A Word A Day : Surreptitious

Monday, 11th February 2008 : Today's Word is ...


( Adjective )

Pronunciation : sùr-ep-tíshess


1. done in a concealed or underhand way to escape notice, especially disapproval

2. trying to avoid being noticed

3. Obtained, done, or made by clandestine or stealthy means

4. Conducted with or marked by hidden aims or methods

5. Marked by quiet and caution and secrecy


Middle English, from Latin surreptīcius, from surreptus, past participle of surripere, to take away secretly : sub-, secretly - see sub– + rapere, to seize


furtive, secret, sneaky, sly, clandestine, stealthy, underhanded, secretive, hush-hush, covert, underhand

Covert (concealed, covered, hidden) is the opposite of overt (apparent, open to view, plain, public).

Insidious (Latin insidere 'to lie in wait for,' from sedere 'sit') describes stealthy, treacherous behavior.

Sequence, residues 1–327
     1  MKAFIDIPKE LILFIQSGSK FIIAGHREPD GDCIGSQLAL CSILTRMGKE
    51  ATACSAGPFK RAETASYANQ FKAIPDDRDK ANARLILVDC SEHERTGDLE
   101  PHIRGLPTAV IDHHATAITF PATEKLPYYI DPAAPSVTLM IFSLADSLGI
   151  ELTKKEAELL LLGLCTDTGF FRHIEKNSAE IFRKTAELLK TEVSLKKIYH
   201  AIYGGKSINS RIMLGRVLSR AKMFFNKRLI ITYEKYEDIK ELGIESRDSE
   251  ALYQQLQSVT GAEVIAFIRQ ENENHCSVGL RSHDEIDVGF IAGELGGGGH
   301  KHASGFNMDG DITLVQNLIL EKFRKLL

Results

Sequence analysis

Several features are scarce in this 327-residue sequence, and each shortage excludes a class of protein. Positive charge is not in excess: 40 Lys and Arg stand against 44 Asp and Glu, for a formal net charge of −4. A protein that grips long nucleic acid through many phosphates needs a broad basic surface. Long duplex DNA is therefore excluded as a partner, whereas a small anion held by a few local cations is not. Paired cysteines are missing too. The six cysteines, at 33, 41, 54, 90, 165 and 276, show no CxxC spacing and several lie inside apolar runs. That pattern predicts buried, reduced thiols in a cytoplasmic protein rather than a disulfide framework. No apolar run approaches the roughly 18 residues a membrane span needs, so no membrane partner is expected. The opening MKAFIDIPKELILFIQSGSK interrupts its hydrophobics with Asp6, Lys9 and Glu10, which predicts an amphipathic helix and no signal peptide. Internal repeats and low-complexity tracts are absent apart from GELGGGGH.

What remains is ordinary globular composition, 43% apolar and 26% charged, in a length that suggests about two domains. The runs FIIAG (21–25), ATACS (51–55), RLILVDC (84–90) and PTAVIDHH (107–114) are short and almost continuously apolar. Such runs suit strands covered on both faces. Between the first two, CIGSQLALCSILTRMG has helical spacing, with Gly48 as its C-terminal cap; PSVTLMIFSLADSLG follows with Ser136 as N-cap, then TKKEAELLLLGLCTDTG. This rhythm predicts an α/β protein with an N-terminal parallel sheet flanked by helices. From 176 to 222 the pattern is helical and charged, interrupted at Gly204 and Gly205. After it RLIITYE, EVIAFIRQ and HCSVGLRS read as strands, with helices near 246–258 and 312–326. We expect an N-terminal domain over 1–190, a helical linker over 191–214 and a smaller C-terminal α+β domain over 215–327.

Invidious behavior arouses ill will, animosity, or hostility.


aboveboard, honest, open, forthright, public, authorized

Contextual Examples:

• The dinner guest surreptitiously slipped a few silver spoons into his jacket as he was leaving the dining room.

• The baby-sitter mixed herself a surreptitious cocktail as soon as Mr. and Mrs. Robinson had driven away.

• The State leaders may even make a merit of their surreptitious invasions of it on the ground of some temporary convenience, exemption, or advantage.

• Let me propose your name for membership in the Imperial Order of Abnormal Proboscidians, of which I am the High Noble Toby and Surreptitious Treasurer.

• We did all our best to move out of this place in order to attempt a surreptitious escape from the presence of the mighty one.

Related Words:

surreptitiously : Adverb

surreptitiousness : Noun

Common Misspellings of Surreptitious:



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